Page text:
Tips and tricks when testing a Server Sent Event (SSE) endpoint with express.js and jest in TypeScript

What is SSE

SSE (Server Sent Events) is one of the methods that the server can push update to client without client sending any request, another method is web socket (ws). Push based update approach is much more efficient than poll based approach because in poll based approach, the client keep sending requests to the server to fetch the latest update, but most probably there is no update from the server, so the requests are likely to be a waste of bandwidth and computation power; in contrast in push based methods the server will push updates to clients only when there is an update.

Each event will start with data: and end with two line break characters \n\n


SSE is one way, the client requests once and open the connection, then server can keep pushing events ever the same connection, but client cannot push any more data using the same connection; ws is two way, the client requests once and open the connection, then both client and server can use the same connection to push updates to each other.

How client start an SSE and server handle it

// client side (by client i mean receive side, even this is a nodejs server)
import http from 'http'
const req = http.get(`http://localhost:12345/sse`, res => {
    res.on('data', data => {
      // data is a Uint8 buffer
      const text = new TextDecoder('utf-8').decode(data)
      // remove the data: prefix
      const content = text.replace('data: ', '')
// app.ts
import express from 'express'
const app = express()
app.get('/sse', async (req, res) => {
  // sse is sent through event-stream content type head
  res.setHeader('Content-Type', 'text/event-stream')
  // need to keep alive to prevent it from closing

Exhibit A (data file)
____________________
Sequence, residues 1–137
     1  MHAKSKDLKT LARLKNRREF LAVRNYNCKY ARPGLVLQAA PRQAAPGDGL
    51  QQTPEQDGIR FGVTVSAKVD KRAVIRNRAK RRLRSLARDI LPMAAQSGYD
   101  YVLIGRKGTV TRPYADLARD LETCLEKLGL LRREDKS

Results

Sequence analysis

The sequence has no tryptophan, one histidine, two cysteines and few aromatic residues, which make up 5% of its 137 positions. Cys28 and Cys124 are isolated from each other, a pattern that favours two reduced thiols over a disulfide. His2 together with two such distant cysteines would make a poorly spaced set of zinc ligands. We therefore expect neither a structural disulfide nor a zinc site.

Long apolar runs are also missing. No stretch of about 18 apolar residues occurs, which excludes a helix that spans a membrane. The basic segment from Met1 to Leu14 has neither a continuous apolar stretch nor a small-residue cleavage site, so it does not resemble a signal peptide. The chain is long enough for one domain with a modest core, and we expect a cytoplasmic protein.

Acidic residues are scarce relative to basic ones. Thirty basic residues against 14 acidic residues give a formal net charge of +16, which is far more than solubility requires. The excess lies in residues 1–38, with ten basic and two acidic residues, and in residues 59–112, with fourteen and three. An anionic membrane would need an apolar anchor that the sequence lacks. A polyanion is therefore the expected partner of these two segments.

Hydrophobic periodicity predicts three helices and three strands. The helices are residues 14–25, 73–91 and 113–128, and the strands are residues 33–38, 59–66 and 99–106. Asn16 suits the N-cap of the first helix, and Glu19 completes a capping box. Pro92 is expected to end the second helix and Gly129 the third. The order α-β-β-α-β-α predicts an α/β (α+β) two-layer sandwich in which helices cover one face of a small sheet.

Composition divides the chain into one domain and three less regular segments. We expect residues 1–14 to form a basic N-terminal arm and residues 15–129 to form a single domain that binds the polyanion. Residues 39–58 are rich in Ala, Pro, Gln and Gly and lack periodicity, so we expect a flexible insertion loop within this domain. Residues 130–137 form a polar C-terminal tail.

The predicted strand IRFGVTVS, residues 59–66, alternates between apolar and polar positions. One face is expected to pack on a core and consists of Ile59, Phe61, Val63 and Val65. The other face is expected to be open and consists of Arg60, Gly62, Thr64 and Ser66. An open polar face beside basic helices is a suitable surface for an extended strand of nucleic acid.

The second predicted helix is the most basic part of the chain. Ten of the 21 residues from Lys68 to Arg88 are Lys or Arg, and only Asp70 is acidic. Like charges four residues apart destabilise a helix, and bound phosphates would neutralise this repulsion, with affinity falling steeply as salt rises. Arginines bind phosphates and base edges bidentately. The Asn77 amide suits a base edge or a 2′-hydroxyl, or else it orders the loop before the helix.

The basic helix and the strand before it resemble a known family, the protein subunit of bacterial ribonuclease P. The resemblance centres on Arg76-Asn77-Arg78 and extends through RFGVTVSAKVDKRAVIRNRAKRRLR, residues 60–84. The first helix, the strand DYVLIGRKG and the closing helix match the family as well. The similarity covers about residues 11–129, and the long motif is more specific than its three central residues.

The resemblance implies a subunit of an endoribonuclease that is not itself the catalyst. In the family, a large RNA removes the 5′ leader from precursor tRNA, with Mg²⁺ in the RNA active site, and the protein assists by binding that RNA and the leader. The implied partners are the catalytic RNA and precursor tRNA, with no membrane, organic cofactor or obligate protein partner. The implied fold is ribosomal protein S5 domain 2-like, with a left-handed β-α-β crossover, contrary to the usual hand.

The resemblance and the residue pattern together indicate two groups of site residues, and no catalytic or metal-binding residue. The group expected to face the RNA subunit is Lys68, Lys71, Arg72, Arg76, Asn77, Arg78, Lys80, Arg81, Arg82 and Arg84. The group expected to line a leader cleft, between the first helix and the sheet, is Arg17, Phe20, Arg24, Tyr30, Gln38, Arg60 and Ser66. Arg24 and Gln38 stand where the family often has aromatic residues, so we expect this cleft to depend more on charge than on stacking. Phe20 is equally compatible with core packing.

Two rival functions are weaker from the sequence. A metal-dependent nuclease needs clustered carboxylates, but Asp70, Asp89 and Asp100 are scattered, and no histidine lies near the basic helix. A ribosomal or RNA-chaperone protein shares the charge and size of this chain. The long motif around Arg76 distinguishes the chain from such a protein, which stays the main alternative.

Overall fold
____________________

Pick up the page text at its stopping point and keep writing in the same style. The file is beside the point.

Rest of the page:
res.setHeader('Connection', 'keep-alive')
  // prevent caching
  res.setHeader('Cache-Control', 'no-cache')
  res.write(`data: hello world\n\n`)
  res.write(`data: 1\n\n`)
  res.write(`data: 1\n\n`)
  res.write(`data: 2\n\n`)
  res.write(`data: 3\n\n`)
  res.write(`data: 5\n\n`)
  res.write(`data: 8\n\n`)
  res.on('close', () => {

How I test an SSE endpoint

Here i would like to test the above SSE endpoint using jest. looked into the popular supertest library, but seems that doesnt support SSE. Some may say mock everything but we do not want to mock this kind of network traffic in acceptance or e2e or integration test.

So here we really start an express server inside the test case and do real network requests in our test cases. One thing to note is that SSE keeps the connection live(unless we stop it specifically but some cases we may never stop it), so I used stoppable to wrap the express server. Hence when i stop the express server in the afterAll hook, it will stop all the on going SSE connections for me and prevent the test process never stop.

import app from './app.ts'
import stoppable from 'stoppable'
const port = 12345
let server
beforeAll(() => {
  server = stoppable(app.listen(port), 0)
afterAll(() => {